Comparison of the characteristics of LO28 CtsR variants to the previously isolated Scott A CtsR variant, AK01, revealed similarities as well as notable differences. Both piezotolerant variants showed slightly lower maximum growth rates but increased resistance to heat and acid compared to their wild types (13). Striking differences in the morphology of the LO28 CtsR variants and Scott A AK01 were observed, with AK01 displaying altered morphology, showing not only an absence of flagella but also elongation of cells (13). Scanning electron microscopy revealed wild-type morphology and the presence of flagella in the LO28 CtsR variants. The presence of flagella is in line with the motile characteristics of the LO28 ctsR variants. The origin of the differences in morphology of these variants remains to be elucidated. Another difference between AK01 and our LO28 CtsR variants concerned virulence characteristics. The immotile AK01 mutant was less virulent in a mouse infection model compared to its wild type (15). Furthermore, in our study AK01 showed less hemolysis than Scott A and LO28 (data not shown). On the contrary, our LO28 CtsR variants showed similar motility and hemolysis capacity as their wild type, suggesting that virulence factor production capacity was not significantly altered. Virulence of the LO28 HHP-resistant variants will be assessed in more detail in future studies, including in vivo experiments using mouse models. Another remarkable observation was made for colony size, as in contrast to AK01, LO28 CtsR variants were SCVs. SCVs have also been described for HHP-resistant staphylococci. These staphylococcal SCVs resulted from a deficiency in aerobic electron transport chain activity, resulting in lower ATP-generating capacity and consequently reduced growth yields under aerobic conditions (16). On the contrary, for the LO28 CtsR SCVs the maximum growth rates under aerobic conditions were similar to that of the wild type at 7°C and similar or only slightly lower at 30°C. This might be the result of reversion of part of the population to normal growing cells, because after replating the LO28 CtsR SCVs normal-sized colonies were found. Retesting revealed that one of the seven variants had not only reverted to the wild-type phenotype but also to its genotype, by losing the insert in the ctsR gene. Next to these seven CtsR SCVs, also three SCVs (numbers 3, 10, and 15) were found to have an intact ctsR gene. These variants showed reduced growth under aerobic conditions, as their maximum growth rates were half the rate of the wild type. Also, these three variants showed reversion to normal (WT)-sized colonies, and two of these reverted variants turned out to be HHP sensitive. Reversion to the wild-type phenotype has also been described for perR SCVs of L. monocytogenes (26). Deletion of perR resulted in an SCV that was slow growing. At a relatively high frequency, large-colony variants arose in the culture. Interestingly, these revertants were perR mutants with an unidentified subsequent mutation that showed increased fitness and ultimately dominated the culture. Reversion of SCVs can give rise to persistence because of relatively high-frequency switches between phenotypes and genotypes. Furthermore, in most cases SCVs reverted to wild-type-sized colonies that were still HHP resistant. This would allow Listeria to be resistant to different stresses as well as to overcome the fitness disadvantages associated with this resistance by reversion.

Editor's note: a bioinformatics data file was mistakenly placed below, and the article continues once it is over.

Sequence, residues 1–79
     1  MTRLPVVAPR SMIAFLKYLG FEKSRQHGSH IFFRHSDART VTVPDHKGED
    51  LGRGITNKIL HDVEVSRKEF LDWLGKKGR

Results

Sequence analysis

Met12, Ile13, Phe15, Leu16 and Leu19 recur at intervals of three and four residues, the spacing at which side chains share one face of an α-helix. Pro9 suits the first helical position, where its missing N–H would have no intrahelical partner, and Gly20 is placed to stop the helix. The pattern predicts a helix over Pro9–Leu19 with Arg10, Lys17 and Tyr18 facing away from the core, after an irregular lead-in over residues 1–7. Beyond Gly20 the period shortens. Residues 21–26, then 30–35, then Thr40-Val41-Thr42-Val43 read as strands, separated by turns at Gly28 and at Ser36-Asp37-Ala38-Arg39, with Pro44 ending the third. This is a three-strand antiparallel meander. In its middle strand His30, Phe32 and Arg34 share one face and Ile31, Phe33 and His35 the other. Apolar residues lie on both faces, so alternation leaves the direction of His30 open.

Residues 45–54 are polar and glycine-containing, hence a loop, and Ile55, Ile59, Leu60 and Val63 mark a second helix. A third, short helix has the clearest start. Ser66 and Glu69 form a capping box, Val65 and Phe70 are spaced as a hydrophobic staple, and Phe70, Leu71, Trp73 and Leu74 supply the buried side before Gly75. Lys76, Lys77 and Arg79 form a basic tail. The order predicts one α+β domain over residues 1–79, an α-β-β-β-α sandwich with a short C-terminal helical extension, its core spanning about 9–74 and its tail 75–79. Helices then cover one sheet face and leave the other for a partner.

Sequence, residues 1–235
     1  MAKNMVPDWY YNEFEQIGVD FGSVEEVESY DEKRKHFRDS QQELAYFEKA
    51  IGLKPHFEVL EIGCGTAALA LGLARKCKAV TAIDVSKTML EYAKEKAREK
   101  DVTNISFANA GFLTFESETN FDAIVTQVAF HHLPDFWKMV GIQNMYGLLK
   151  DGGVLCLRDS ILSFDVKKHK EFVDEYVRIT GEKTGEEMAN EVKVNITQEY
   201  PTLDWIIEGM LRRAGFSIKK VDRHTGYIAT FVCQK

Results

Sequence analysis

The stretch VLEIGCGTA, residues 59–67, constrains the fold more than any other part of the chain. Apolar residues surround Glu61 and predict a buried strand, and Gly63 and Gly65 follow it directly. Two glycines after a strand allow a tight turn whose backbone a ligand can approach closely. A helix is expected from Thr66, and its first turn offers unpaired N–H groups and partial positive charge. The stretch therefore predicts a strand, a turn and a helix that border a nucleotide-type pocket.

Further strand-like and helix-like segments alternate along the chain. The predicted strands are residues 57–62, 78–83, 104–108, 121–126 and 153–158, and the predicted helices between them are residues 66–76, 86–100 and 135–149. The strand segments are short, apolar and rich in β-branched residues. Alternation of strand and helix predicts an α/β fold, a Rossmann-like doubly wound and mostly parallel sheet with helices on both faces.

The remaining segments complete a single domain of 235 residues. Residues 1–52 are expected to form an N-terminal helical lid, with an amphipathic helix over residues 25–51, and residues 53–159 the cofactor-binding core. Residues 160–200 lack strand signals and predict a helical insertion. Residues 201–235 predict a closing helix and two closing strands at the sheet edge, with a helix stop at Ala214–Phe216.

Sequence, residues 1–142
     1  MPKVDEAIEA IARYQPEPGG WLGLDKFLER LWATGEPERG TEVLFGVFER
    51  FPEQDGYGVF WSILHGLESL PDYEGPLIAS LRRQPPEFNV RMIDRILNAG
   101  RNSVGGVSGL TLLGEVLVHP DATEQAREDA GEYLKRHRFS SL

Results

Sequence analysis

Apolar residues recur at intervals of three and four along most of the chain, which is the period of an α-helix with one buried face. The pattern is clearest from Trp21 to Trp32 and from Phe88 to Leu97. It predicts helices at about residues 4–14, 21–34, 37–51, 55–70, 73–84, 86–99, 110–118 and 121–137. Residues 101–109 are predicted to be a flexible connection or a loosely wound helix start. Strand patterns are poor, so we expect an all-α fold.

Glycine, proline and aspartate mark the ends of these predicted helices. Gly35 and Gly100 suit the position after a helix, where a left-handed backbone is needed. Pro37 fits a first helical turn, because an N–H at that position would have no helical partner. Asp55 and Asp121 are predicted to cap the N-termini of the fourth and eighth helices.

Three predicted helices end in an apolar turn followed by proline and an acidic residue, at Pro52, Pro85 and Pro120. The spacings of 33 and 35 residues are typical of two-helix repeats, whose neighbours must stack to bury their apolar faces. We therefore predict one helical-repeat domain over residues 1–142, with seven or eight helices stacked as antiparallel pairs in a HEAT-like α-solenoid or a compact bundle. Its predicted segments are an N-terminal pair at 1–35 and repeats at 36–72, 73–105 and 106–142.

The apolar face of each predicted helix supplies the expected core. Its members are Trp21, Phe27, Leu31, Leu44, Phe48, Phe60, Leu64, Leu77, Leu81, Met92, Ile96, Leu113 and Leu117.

So far the only genetic origin of HHP resistance found is alteration of the ctsR gene. However, two other LO28 variants (variants 4 and 20), not belonging to the third cluster, have a deletion upstream of the ctsR gene. As a result the binding site of CtsR, a heptanucleotide repeat in the promoter region (A/GGTCAAANANA/GGTCAAA) is missing (29). Transcription of the ctsR gene in variants 4 and 20 is putatively constitutive, including that of clpC, which is located in the same operon. The CtsR produced represses transcription of its regulon members clpB, clpE, and clpP, whereas increased expression of ClpC may contribute to stress resistance in these variants (Fig. (Fig.4).4). Notably, the two variants did not cluster, and the possible occurrence of an additional mutation(s) cannot be excluded. The underlying mechanisms of their HHP-resistant phenotypes remain to be elucidated.